For most of us, our parents are our very first relationship. The way we are interested (or do not care) when we are babies and toddlers determines how we interact with the rest of the world. The way they care for us (or do not) when we grow up has no such impact, but dealing with them can still be a frustrating mix of joy and torment.
Whether your parents are just annoying Because they have no boundaries or a clinically defined personality disorder, there is good news: with some help, such as the advice of three experienced psychologists, you can change the dynamics of your relationship for the better , 1
In her book Adult Children of Emotionally Immature Parents Psychologist Lindsay Gibson, PsyD, says there are four different types of emotionally immature parents: emotional parents who give their children a sense of instability and anxiety, driven parents who try to make everyone perfect, passive parents who do not disturb too much, and reject parents who are withdrawn and mean.
When Emotionally Unruly Parents I'm thinking of the parents overpowering the child, says Fran Walfish, PsyD, a family and relationship psychotherapist in Beverly Hills and author of The Self-Aware Parent . "There are messages that parents send, that it is the child that should take care of the care, care and concern for the well-being of the parents."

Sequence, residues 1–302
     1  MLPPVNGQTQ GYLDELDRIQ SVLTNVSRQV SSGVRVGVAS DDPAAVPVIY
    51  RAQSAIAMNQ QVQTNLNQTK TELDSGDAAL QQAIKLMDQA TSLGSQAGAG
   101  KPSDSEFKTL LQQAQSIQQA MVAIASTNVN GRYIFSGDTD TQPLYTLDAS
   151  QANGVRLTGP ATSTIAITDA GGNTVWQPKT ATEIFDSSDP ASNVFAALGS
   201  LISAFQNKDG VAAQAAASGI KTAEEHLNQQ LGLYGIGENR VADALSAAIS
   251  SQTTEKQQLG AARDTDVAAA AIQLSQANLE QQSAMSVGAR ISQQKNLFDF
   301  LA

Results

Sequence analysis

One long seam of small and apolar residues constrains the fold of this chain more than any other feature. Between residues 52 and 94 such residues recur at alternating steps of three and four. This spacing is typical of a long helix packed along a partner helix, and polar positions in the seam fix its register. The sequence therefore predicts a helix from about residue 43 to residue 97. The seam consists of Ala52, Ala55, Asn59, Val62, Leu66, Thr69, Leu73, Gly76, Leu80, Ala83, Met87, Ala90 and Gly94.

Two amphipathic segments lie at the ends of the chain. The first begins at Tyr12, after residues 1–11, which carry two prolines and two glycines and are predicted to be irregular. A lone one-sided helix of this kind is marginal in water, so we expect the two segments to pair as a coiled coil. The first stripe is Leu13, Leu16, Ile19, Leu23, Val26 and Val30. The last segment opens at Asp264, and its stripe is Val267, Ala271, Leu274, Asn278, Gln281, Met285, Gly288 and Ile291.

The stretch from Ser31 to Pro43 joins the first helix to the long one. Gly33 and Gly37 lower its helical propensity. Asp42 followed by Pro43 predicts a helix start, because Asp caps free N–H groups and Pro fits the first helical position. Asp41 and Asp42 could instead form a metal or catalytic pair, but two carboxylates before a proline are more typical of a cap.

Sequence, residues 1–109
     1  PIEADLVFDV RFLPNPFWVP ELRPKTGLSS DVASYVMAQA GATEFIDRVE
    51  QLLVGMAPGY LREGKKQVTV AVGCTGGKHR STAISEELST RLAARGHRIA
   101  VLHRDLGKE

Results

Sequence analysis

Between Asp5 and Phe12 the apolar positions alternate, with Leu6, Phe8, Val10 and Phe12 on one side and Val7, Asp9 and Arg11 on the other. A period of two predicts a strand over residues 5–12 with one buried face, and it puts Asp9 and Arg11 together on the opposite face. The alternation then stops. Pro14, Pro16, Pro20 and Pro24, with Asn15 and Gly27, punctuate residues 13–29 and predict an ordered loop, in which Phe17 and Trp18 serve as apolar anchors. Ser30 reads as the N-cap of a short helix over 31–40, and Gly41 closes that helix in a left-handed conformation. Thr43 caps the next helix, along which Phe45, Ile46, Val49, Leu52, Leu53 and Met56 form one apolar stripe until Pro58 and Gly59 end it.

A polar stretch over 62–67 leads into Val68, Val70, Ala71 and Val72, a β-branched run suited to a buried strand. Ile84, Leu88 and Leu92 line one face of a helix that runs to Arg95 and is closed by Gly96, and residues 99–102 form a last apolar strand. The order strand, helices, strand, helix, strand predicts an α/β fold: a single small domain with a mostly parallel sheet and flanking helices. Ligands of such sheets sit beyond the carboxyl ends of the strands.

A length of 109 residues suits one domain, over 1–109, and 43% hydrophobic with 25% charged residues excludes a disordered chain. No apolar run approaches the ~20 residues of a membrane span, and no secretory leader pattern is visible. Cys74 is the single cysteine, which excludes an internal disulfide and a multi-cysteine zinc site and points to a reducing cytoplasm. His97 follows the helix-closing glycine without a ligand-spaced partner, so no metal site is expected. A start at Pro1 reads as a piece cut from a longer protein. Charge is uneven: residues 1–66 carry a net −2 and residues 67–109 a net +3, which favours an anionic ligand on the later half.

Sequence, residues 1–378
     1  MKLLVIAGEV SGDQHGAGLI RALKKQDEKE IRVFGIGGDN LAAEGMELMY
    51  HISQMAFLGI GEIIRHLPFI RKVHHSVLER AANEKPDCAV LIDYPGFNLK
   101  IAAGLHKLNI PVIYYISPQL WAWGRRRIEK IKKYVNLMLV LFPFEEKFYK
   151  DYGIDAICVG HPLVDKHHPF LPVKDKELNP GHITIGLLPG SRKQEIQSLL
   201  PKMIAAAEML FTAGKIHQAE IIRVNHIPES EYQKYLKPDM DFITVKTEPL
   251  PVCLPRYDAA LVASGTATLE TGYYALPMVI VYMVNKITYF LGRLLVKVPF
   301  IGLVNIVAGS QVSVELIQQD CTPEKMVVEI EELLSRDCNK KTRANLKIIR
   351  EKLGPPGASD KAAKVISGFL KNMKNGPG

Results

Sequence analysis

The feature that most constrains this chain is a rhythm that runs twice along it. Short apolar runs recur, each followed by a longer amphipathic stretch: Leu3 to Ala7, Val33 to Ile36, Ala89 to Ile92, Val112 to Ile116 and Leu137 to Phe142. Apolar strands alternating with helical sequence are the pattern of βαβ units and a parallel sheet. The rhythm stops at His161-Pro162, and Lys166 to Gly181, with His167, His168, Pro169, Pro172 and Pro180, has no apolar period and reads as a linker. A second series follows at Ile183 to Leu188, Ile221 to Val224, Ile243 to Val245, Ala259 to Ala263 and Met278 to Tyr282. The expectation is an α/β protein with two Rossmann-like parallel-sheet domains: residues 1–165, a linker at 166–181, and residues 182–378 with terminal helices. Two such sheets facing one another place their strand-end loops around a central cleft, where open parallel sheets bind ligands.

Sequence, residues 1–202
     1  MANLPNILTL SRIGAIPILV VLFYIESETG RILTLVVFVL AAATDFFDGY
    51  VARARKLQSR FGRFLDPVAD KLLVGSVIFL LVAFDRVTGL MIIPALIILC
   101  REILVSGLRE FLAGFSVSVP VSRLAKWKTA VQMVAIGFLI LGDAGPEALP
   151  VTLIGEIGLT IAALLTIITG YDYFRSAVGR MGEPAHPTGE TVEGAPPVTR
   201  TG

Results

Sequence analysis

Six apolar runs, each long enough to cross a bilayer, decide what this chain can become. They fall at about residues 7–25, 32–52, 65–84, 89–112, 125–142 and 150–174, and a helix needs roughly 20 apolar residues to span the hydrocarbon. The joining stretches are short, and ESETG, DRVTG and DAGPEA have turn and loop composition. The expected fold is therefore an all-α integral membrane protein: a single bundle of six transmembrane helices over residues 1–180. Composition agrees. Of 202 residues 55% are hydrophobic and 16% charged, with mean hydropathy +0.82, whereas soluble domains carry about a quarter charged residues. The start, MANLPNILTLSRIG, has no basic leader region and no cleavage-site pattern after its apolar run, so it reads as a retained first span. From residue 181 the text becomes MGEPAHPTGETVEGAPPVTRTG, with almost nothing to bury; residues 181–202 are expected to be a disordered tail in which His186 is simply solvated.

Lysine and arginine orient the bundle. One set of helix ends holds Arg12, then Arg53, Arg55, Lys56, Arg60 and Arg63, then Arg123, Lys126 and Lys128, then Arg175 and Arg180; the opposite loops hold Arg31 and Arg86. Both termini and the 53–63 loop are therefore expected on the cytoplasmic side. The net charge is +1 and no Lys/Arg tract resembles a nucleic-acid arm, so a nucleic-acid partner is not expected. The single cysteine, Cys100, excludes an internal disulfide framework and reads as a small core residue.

A narcissistic parent behaves in one of the above ways, but if you want to adhere to the definition of DSM V, you're missing that too Empathy, the constant need for admiration, nurturing only superficial relationships with others and the feeling of generosity and entitlement.  Due to the weaker range of topics, your parents may not respect the boundaries or recognize that you are an independent adult. There may be a completely different problem you have with your parents-they are human, after all-but some of the following advice may still relate to how you can handle it.